Further advantageous features of this invention include a line carrier system for transmitting certain status information to the remote module in the home. The remote module preferably includes an audible alarm. Additionally, the central control module may include a heat sensor. The line carrier in the central control module transmits the status information over the internal house wiring and will activate alarm or indication devices in the remote module. Preferably, warning devices in the remote module are energized at different repetition rates depending upon the status information. According to still another feature of this invention, the setting of the security code in the receiver simultaneously defines an address code for the line carrier. The remote module further includes a plurality of switches which are manually set to correspond to the address code of the line carrier.
The door actuator circuitry further includes a maximum run timer which controls the maximum allowable time period in which the garage door must close. Motor overload protector circuitry is advantageously utilized to temporarily disable only the door actuator portion of the system when a malfunction is detected.
These and other advantages of the invention will become apparent upon reading the following specification and by reference to the drawings in which:
FIG. 1 is a block diagram of the preferred embodiment of the system of this invention;
FIG. 2 is a schematic diagram of the transmitter portion of the system;
FIG. 3 is a block diagram of portions of the central control module and remote module of the system;
FIG. 4 is a block diagram of the circuitry in the central control module;
FIG. 5 (A-D) is a detailed schematic of the circuitry in the central control module, with FIG. 5A illustrating the proper orientation for the drawings to make the interconnection between FIGS. 5B-5D; and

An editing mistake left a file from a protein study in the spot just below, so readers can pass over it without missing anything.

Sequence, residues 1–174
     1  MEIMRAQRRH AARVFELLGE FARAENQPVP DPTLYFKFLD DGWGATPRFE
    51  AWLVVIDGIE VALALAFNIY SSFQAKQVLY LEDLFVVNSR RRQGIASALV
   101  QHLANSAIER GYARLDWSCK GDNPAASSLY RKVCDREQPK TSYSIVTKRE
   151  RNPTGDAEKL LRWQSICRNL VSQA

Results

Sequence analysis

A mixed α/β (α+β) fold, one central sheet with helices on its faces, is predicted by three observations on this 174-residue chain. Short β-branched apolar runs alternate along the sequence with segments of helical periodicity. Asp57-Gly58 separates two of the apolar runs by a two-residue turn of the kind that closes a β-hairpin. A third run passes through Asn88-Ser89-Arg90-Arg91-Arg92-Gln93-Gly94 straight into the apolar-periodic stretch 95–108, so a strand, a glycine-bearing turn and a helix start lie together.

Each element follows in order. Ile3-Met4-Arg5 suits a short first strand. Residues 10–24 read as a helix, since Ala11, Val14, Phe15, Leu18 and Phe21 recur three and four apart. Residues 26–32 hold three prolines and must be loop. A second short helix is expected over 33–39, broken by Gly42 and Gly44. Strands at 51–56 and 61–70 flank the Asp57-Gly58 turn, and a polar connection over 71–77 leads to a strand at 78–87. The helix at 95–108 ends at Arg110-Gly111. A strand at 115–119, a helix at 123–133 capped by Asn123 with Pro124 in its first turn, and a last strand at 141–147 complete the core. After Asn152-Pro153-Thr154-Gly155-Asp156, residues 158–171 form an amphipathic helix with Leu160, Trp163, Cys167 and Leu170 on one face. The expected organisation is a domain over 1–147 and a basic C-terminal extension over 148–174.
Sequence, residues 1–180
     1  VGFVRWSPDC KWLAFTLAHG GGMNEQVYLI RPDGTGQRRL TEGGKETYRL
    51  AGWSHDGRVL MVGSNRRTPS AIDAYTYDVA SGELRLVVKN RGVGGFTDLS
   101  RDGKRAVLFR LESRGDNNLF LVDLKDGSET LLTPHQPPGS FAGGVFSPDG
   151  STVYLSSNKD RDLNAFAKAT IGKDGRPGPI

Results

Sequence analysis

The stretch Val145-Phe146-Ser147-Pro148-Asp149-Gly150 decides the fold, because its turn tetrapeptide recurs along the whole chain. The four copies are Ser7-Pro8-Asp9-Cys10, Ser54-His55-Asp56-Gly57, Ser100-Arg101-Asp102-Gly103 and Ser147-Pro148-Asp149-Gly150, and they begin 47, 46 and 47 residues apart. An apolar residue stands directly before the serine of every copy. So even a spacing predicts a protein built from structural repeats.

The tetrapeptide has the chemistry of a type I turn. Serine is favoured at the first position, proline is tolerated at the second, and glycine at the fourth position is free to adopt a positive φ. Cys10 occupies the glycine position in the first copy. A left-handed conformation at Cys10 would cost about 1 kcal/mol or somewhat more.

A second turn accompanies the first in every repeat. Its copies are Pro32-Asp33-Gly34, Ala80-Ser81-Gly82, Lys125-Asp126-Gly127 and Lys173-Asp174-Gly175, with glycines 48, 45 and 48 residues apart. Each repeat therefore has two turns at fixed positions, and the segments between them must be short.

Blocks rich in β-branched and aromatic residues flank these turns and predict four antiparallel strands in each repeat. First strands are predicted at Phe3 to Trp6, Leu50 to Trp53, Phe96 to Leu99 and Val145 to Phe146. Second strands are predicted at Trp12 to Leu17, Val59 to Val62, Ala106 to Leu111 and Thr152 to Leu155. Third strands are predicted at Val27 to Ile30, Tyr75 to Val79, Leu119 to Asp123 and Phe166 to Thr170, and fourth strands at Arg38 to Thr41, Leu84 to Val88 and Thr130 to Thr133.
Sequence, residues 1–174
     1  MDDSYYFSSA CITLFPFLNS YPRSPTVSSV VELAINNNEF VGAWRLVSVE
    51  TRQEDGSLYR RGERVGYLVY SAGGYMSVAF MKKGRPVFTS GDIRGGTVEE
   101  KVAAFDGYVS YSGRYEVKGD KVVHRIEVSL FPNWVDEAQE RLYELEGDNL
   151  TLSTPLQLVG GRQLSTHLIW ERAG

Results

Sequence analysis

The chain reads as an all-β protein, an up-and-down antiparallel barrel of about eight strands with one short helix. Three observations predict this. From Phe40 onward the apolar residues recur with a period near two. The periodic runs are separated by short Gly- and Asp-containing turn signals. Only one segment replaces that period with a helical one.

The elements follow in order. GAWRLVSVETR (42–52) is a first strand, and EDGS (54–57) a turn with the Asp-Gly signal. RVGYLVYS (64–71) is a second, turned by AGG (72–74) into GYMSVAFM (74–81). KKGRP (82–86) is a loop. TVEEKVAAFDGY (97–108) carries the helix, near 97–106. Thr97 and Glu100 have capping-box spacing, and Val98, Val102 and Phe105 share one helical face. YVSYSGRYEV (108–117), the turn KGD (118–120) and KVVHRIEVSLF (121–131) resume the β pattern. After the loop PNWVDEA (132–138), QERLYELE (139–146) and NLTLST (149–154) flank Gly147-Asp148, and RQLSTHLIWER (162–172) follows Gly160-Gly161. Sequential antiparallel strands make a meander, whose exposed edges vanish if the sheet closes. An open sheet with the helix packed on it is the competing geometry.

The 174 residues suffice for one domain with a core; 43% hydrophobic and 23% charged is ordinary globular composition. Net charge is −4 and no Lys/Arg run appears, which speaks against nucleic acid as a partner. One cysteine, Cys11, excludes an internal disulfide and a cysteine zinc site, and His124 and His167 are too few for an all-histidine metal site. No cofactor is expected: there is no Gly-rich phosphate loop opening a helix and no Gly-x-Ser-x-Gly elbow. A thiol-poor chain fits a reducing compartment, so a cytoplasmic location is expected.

FIG. 6 illustrates examples of digital pulse trains generated by the transmitter.
Referring to FIG. 1, the present invention utilizes three main components: the central control module 10 which is mounted in the garage; a portable transmitter 12 which is carried by the user in his automobile; and a remote module 14 which is located within the home generally in the user's bedroom. Central control module 10 generally includes a receiver 16 which receives and decodes the transmitted signals and, in turn, initiates motor control circuitry 18 which controls the positioning of the garage door and the setting/deactivation of security alarm circuitry 20. Carbon monoxide detector 22 and heat sensor 24, as well as security alarm 20, are coupled to an audible warning sounder 26 and light 27. Sounder 26 will be activated at different repetition rates depending upon the detected condition. For example, if portal switches 28 or door switches S1 are tripped sounder will be activated at one repetition rate, whereas the frequency thereof will vary if gas detector 22 or heat sensor 24 detects a dangerous condition. Line carrier 30 transmits status information over the house wiring to remote module 14. Code selecting devices 32 simultaneously define a security code for receiver 16 and an address code for line carrier 30.